Category Archives: 2000’s

Midtown Mosaic (3 of 4) ~ 2220 K Street

Part 3 of the Midtown Mosaic series focuses on several more sections of this expansive mural which includes the work of more than 60 artists. The project was conceived and coordinated by Sacramento’s Midtown Alley Project (MAP).

If you missed it, be sure to start with part 1 and part 2 of the Midtown Mosaic series.

Click on any photo to see a larger image.

In the center of MAP’s Midtown Mosaic mural is a map of a several block area in midtown. Ironically, I have yet to discover the artist for this central piece in the mural.

This young woman with the arresting gaze is titled, ‘Wishful Thinking’, and is the work of Skip Lee. Lee’s work grows from the Abstract Expressionists such as deKooning, Gootlieb, Kline and Rothko. His website’s gallery of paintings shows an interesting array of style within his inspirational abstract approach, I’m particularly drawn to the painting titled, V Mary. (

Whimsical heart-faces by Clare Bailey, aka the Guardian Angel of this mural.

Steve Memering painted a portrait of, Sophie, their family dog. You can see Steve and his porky pug, Sophie, in this video by Russ Andris. A dog portrait is not Memering’s usual subject matter. He is known for painting local Sacramento scenes as well as other images from his travels in his “fantasy realism” style. (

The Queen of Diamonds was painted by Kristyne DiMeo. Kristyne works in many mediums; she paints, creates dolls, create masks, fiber arts, and paper arts. (

Sacramento theater icon, The Crest, was painted by Allison Carlos. For nearly 100 years, the building that is home to the Crest has housed several theaters; starting as the Empress in 1912, then the Hippodrome, and finally opening as The Crest in 1949 (1). (

Watery fish image by David Hayes.

Two zebras on the Serengeti by Gabriella Bargellini.

A pineapple piece by an artist who remains a mystery so far.

Judith Monroe combined painting and photography to create this landscape image. (

A field of bright sunflowers by Elaine Bowers.

A dead bird by David Hayes is an unexpected quirky image in the mural. These next two images are also by Hayes:

He gets my unofficial prize for the widest array of styles in his three pieces on the Midtown Mosaic mural.

This portrait of a serene looking woman with the blue head-scarf was created by artist Steve Duroncelet. The portrait was inspired by a photo of his wife and the heart background was inspired by pop artist, Keith Haring. (

This image has a great story behind it. In the early stages of the mural, as the graphic outline of the mosaic took shape along the wall, Sister Anne Sekul, from the group of nuns living in a house near-by, came over to learn about the project.She ended up contributing as an artist by painting the angelic looking portrait.

Striking floral by Karen Dukes, whose vibrant style is evident in her website gallery. My favorite is this butterfly. (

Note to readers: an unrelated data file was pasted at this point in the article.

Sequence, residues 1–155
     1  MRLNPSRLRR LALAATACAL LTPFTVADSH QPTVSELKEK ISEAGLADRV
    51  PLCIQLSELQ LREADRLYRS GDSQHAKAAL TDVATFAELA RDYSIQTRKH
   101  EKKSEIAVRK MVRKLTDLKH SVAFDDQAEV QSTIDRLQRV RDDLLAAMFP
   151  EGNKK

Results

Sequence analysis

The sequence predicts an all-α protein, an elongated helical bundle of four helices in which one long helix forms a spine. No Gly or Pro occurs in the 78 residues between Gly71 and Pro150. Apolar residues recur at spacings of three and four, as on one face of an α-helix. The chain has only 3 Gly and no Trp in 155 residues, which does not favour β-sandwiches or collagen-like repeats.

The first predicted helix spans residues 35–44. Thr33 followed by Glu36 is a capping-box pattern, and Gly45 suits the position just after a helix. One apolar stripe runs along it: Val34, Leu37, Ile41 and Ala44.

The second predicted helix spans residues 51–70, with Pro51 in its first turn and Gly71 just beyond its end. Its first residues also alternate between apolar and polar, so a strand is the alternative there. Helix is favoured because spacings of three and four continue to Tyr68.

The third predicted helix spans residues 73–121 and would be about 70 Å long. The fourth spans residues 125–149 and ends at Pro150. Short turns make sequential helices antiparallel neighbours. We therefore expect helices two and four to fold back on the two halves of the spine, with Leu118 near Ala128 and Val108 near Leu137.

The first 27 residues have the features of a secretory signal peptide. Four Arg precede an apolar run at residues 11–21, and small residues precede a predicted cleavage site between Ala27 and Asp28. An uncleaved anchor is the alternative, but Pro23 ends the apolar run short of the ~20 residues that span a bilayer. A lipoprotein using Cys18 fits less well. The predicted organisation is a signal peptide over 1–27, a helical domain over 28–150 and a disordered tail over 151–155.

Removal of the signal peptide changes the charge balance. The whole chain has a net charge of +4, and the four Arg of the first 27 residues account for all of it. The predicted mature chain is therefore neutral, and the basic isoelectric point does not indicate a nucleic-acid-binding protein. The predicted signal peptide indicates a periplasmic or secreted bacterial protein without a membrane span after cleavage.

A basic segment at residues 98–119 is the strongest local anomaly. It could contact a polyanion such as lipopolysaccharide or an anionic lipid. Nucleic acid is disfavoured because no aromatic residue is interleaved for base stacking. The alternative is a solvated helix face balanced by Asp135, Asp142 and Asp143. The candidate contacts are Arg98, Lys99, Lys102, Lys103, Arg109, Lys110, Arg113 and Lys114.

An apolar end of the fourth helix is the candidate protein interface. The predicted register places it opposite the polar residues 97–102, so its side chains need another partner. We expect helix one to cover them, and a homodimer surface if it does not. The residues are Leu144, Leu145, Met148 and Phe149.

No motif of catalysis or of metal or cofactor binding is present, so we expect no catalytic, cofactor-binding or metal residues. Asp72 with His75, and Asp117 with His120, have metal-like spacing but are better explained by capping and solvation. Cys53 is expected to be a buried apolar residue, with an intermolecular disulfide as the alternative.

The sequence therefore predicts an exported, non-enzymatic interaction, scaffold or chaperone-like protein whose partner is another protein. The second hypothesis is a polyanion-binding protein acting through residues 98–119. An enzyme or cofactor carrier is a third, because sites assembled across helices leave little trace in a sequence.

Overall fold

This pomegranate image is signed by TMS.

Based on Russ Andris’ site, this image seems to be by Joel Bowman.

Next up, part 4 of the Midtown Mosaic series.

Title: Midtown Mosaic
Artist: 60+ different artists coordinated by Midtown Alley Project
Date: 2008/2009
Media: Paint
Location: Alley between K and L on 23rd Street

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Midtown Mosaic (2 of 4) ~ 2220 K Street

Part 2 of the Midtown Mosaic series focuses on several more sections of this expansive mural which includes the work of more than 60 artists. The project was conceived and coordinated by Sacramento’s Midtown Alley Project (MAP).

If you missed it, be sure to read part 1 of the Midtown Mosaic series.

Click on any photo to see a larger image.

I love this portrait by GayLynn’ Ribeira. Visiting her website, I found many more gorgeous portraits, and this one of Sister Johnson is particularly striking. (

This beautiful geometric abstract is by Andy Cunningham. The piece is not shown-off well in this photo because of the dust on the wall. (

Two more images by tattoo artist, Gorgeous George; a stylistic floral and the “eye in the middle of the sacred heart” (which is a smaller element of a larger piece). He has another piece you can see in part 1 of this series.

This piece is the work of local artist, Illyanna. (

A small piece  by Evelyn Niehaus. She has a larger piece you can see in part 1 of this series.

A small piece by self-taught artist Hector Espinoza. This hunched figure is the icon from his website (

This piece is signed by Nate Feldman and reads “In the melting pot. From all the people of the world. So the arts will blend.” (

A piece by Thomas Roth who, as a significant supporter of the arts in Sacramento, was also a key figure in making the Midtown Mosaic mural happen.

One of three pieces on the mural created by David Hayes.